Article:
In a further embodiment of the strengthening of the opal structure, the surface of the spheres is modified with silanes which are then crosslinked with one another, during the formation of the opal structure, by means of heat or UV radiation. This crosslinking likewise leads to a strengthening of the opal structure. The silanization of monodisperse silicon dioxide spheres is described in more detail in DE 43 16 814.
The pigment of the invention may be used for pigmenting varnishes, powder coating materials, paints, printing inks, plastics and cosmetic formulations, such as lipsticks, nail varnishes, cosmetic sticks, compact powders, foundation, shampoos, and also loose powders and gels, for example.
The concentration of the pigment in the application system intended for pigmentation is generally between 0.1 and 70% by weight, preferably between 0.1 and 50% by weight, and in particular between 1.0 and 20% by weight, based on the total solids content of the system. It is generally dependent on the specific application.
Plastics comprise the pigment of the invention customarily in amounts of from 0.01 to 50% by weight, preferably from 0.01 to 25% by weight, in particular from 0.1 to 7% by weight, based on the mass of the plastic.
In the coatings sector, the pigment mixture is used in amounts of from 0.1 to 30% by weight, preferably from 1 to 10% by weight, based on the coatings dispersion.
In the case of the pigmentation of binder systems for paints, for example, and printing inks for gravure, offset or screen printing, or as a precursor for printing inks, for example in the form of highly pigmented pastes, granules, pellets, etc., pigment mixtures with spherical colorants, such as TiO2, carbon black, chromium oxide, iron oxide, and also organic colour pigments, for example, have proved to be particularly suitable. The pigment is generally incorporated in the printing ink in amounts of 2-35% by weight, preferably 5-25% by weight, and in particular 8-20% by weight. Offset printing inks may comprise the pigment in amounts of up to 40% by weight or more. The precursors for printing inks, in the form of granules, as pellets, briquettes, etc., for example, comprise in addition to the binder and additives up to 95% by weight of the pigment of the invention. The invention therefore additionally provides formulations which comprise the pigment of the invention.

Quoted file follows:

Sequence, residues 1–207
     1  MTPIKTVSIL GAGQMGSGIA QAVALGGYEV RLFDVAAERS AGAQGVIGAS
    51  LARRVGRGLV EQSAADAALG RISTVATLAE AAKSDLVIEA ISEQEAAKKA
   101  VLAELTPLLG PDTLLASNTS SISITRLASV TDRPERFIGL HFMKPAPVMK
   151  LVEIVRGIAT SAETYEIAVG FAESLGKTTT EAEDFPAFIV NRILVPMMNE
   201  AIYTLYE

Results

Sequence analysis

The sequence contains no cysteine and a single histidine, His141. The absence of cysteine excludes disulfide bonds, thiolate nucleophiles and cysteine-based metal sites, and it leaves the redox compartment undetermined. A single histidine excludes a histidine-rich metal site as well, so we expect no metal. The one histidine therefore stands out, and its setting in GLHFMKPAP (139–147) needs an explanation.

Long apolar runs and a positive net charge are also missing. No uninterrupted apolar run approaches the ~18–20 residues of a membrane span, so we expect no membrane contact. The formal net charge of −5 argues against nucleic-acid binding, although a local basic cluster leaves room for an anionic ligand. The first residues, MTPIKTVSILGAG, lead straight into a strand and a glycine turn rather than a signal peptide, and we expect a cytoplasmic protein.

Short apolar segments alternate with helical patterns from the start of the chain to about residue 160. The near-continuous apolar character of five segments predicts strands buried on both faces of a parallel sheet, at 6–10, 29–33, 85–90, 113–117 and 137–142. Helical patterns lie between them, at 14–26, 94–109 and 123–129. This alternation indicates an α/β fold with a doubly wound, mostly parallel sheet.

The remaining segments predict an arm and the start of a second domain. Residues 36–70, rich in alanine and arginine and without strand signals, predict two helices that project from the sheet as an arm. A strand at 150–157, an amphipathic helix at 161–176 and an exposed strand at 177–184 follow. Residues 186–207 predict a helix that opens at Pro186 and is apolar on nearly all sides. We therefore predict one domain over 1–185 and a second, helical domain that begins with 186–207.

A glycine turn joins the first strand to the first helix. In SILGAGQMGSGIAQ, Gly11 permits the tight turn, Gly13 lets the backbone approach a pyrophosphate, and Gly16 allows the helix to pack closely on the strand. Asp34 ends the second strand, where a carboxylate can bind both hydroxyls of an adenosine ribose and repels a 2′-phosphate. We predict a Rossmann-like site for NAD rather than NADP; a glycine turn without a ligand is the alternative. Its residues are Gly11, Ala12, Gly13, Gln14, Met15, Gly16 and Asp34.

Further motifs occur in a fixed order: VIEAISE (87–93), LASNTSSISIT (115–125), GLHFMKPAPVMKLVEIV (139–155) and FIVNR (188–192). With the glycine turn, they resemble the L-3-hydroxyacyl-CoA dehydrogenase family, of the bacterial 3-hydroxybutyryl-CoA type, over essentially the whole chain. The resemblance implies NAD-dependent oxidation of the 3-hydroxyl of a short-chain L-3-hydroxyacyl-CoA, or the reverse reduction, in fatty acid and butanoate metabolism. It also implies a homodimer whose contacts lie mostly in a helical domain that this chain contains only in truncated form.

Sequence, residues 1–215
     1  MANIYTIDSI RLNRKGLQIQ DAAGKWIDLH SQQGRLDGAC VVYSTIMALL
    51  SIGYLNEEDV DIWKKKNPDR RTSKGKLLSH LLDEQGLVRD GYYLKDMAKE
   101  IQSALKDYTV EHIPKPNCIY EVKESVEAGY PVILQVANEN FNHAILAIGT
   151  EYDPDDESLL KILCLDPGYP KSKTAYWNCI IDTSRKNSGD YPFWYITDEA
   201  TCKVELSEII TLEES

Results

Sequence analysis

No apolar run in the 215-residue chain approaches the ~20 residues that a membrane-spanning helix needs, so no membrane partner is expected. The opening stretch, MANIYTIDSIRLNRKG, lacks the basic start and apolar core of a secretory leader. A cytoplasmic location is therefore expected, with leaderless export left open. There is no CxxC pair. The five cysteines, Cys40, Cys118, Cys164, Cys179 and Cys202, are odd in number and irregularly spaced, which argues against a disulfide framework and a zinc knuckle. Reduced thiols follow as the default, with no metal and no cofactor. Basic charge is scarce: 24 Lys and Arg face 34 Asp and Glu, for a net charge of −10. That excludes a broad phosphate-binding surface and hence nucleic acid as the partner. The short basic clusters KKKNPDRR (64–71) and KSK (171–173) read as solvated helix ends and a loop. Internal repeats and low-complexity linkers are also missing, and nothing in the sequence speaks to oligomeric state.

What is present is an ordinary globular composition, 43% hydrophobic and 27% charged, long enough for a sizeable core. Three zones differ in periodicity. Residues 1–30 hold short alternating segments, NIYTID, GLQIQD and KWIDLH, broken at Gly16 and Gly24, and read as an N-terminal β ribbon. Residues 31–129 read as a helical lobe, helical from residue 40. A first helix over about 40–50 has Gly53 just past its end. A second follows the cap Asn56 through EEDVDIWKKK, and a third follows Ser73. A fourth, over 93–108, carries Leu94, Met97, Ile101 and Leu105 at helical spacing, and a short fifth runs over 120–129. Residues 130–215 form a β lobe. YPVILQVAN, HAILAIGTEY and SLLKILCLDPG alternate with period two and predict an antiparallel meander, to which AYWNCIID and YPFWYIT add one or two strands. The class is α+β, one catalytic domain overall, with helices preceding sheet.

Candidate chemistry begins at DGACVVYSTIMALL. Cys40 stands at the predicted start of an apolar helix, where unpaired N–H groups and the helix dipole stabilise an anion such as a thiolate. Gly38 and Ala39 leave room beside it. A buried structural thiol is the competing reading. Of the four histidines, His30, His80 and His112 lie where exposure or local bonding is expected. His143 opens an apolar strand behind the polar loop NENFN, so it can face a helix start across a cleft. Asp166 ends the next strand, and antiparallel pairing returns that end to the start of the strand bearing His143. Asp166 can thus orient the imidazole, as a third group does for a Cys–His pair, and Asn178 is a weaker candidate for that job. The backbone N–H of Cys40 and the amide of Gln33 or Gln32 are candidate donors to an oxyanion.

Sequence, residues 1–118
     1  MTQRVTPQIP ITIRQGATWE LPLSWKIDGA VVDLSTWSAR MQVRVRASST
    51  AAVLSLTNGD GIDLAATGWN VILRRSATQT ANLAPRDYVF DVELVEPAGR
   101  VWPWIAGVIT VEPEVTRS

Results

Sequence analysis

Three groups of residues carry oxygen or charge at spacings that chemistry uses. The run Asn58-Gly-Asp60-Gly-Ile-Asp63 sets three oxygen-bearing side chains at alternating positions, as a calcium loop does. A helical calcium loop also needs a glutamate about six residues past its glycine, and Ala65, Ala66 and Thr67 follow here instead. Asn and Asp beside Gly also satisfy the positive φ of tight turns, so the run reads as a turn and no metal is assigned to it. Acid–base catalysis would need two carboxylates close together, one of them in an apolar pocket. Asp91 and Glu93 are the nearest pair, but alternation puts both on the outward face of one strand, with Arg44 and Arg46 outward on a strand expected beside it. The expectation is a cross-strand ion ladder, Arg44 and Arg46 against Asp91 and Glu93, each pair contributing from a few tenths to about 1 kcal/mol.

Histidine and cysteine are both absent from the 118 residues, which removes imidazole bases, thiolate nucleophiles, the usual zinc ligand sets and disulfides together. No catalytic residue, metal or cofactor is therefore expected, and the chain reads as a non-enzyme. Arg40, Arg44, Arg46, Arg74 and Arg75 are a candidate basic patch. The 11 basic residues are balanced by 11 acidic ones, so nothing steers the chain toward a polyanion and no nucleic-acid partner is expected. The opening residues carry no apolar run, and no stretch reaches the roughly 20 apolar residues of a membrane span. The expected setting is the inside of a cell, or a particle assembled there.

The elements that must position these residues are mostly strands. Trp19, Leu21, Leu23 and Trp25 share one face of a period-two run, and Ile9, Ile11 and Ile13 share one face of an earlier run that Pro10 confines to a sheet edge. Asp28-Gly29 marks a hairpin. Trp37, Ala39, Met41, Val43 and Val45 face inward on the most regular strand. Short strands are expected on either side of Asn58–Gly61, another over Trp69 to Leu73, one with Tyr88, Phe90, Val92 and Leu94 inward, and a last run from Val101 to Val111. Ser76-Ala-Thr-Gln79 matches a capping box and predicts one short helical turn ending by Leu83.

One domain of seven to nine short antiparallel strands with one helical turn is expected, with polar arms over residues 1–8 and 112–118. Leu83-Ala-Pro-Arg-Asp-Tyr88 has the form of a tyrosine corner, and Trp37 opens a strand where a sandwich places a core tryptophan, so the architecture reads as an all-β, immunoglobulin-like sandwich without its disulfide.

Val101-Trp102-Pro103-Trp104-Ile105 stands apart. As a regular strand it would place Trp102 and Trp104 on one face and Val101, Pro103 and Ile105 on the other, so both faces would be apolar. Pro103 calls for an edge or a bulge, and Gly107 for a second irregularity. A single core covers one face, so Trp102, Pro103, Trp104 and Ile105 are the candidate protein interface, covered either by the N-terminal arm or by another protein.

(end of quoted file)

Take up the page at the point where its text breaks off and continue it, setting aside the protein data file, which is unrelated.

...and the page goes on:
The examples below are intended to illustrate the invention without limiting it.
0.29 g of monodisperse SiO2 spheres having a diameter of 250 nm is dispersed in 50 ml of ethanol, and 19 ml of deionized water and 12 ml of 25% ammonia are added to this dispersion. The suspension is heated to 70° C. with intensive stirring and 0.2 ml of tetraethyl orthosilicate is added dropwise. The suspension is transferred to a Petri dish and the liquid phase is left to evaporate at 70° C. Removal of the residue by scraping gives a white powder having an opalescent effect, the perceived reflection colour being angle-dependent.
Following the addition of the tetraethyl orthosilicate, the suspension prepared in accordance with Example 1 is cooled to 23° C. and applied using an airbrush to a hydrophobic silicon wafer. The drops are dried at 23° C. in a stream of argon. The residue is flushed from the substrate with water, separated off on a filter and dried at 110° C.
An aqueous suspension (16% by weight) of monodisperse SiO2 spheres having a diameter of 250 nm is applied by spraying with an airbrush at 23° C. to a Teflon surface. The drops are left to dry. The coated Teflon surface is subsequently transferred to a closed vessel in which there is an atmosphere of argon and silicon tetrachloride. Following a brief exposure period, a residue thus treated is flushed from the Teflon surface with water, separated off on a filter and dried at 110° C.